Michael Pollan, Maira Kalman
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Most people don’t eat enough raw fruits and vegetables. They eat ‘grab and go’ stuff that’s less messy but more high-calorie dense and they eat as they handle multiple tasks. This is not good.
Populations that eat a so-called Western diet—generally defined as a diet consisting of lots of processed foods and meat, lots of added fat and sugar, lots of refined grains, lots of everything except vegetables, fruits, and whole grains—invariably suffer from high rates of the so-called Western diseases: obesity, type 2 diabetes, cardiovascular disease, and cancer.
Eat food. Not too much. Mostly plants.
Populations eating a remarkably wide range of traditional diets generally don’t suffer from these chronic diseases. These diets run the gamut from ones very high in fat (the Inuit in Greenland subsist largely on seal blubber) to ones high in carbohydrate (Central American Indians subsist largely on maize and beans) to ones very high in protein (Masai tribesmen in Africa subsist chiefly on cattle blood, meat, and milk).
There’s a lot of money in the Western diet. The more you process any food, the more profitable it becomes. You are mostly sold processed food as it is highly advantageous for the companies, even though it is an unhealthy diet.
The healthcare industry makes more money treating chronic diseases (which account for three-quarters of the $2 trillion-plus we spend each year on health care in this country) than preventing them.
Noncaloric sweeteners such as aspartame or Splenda, research (in both humans and animals) suggests that switching to artificial sweeteners does not lead to weight loss, for reasons not yet well understood. But it may be that deceiving the brain with the reward of sweetness stimulates a craving for even more sweetness.
If it came from a plant, eat it; if it was made in a plant, don’t.
Scientists may disagree on what’s so good about plants—the antioxidants? the fibre? the omega-3 fatty acids?—but they do agree that they’re probably really good for you and certainly can’t hurt.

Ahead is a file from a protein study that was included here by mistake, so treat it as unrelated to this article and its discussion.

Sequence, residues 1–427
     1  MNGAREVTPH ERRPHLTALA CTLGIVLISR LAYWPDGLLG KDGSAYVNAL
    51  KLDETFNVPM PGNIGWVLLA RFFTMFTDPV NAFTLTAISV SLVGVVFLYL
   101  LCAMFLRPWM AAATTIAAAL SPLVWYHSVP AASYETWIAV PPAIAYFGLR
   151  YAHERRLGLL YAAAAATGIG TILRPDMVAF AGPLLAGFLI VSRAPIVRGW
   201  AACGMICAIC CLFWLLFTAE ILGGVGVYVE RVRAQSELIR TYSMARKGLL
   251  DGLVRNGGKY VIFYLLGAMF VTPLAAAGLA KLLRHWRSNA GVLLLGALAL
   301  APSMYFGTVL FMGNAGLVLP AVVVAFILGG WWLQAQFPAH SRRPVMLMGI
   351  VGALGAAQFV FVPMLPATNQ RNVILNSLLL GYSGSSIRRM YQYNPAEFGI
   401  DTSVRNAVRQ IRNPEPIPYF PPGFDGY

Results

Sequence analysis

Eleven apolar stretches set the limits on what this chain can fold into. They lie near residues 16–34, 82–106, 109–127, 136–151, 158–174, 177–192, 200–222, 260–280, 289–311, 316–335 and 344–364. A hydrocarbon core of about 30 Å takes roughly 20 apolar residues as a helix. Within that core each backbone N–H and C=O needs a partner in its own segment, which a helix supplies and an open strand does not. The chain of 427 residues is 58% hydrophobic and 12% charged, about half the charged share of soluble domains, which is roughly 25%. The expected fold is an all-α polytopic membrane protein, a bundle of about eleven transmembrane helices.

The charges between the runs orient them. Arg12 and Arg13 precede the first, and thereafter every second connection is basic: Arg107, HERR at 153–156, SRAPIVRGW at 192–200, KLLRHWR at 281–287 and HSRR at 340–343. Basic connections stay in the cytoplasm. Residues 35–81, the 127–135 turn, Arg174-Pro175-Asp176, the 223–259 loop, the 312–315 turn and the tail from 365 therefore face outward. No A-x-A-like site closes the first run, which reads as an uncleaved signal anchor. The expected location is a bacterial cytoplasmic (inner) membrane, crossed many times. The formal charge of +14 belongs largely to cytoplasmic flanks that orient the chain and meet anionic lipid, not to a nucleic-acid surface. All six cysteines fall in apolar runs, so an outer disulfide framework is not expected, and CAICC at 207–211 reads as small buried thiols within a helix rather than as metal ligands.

There are scores of studies demonstrating that a diet rich in vegetables and fruits reduces the risk of dying from all Western diseases; in countries where people eat a pound or more of vegetables and fruits a day, the rate of cancer is half what it is in the United States.
By eating a diet that is primarily plant-based, you’ll be consuming far fewer calories, since plant foods—with the exception of seeds, including grains and nuts—are typically less "energy dense" than the other things you eat. (And consuming fewer calories protects against many chronic diseases.) Vegetarians are notably healthier than carnivores, and they live longer.
Eating what stands on one leg [mushrooms and plant foods] is better than eating what stands on two legs [fowl], which is better than eating what stands on four legs [cows, pigs, and other mammals].
Another bit of traditional wisdom with good science behind it: The water in which vegetables are cooked is rich in vitamins and other healthful plant chemicals. Save it for soup or add it to sauces.
Two of the most nutritious plants in the world —lamb’s quarters and purslane—are weeds, and some of the healthiest traditional diets, like the Mediterranean, make frequent use of wild greens.
The fields and forests are crowded with plants containing higher levels of various phytochemicals than their domesticated cousins.
Many traditional cultures swear by the health benefits of fermented foods—foods that have been transformed by live microorganisms, such as yoghurt, sauerkraut, soy sauce, kimchi, and sourdough bread. These foods can be a good source of vitamin B12, an essential nutrient you can’t get from plants. (B12 is produced by animals and bacteria.)
Many fermented foods also contain probiotics—beneficial bacteria that improve the function of the digestive and immune systems and help reduce allergic reactions and inflammation.
The whiter the bread, the sooner you’ll be dead.
We know that people who take supplements are generally healthier than the rest of us, and we also know that in controlled studies most of the supplements they take don’t appear to be effective. How can this be?
Supplement takers are healthy for reasons that have nothing to do with the pills. They’re typically more health conscious, better educated, and more affluent. They’re also more likely to exercise and eat whole grains.
There is now considerable scientific evidence for the health benefits of alcohol to go with a few centuries of traditional belief and anecdotal evidence. Mindful of the social and health effects of alcoholism, public health authorities are loath to recommend drinking, but the fact is that people who drink moderately and regularly live longer and suffer considerably less heart disease than teetotalers.
I have a passion for architecture. Always eager to learn new things.
We have been eating wrong all our lives. This book shakes our belief patterns on food and diet.
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Peter D. Schiff, Andrew J. Schiff
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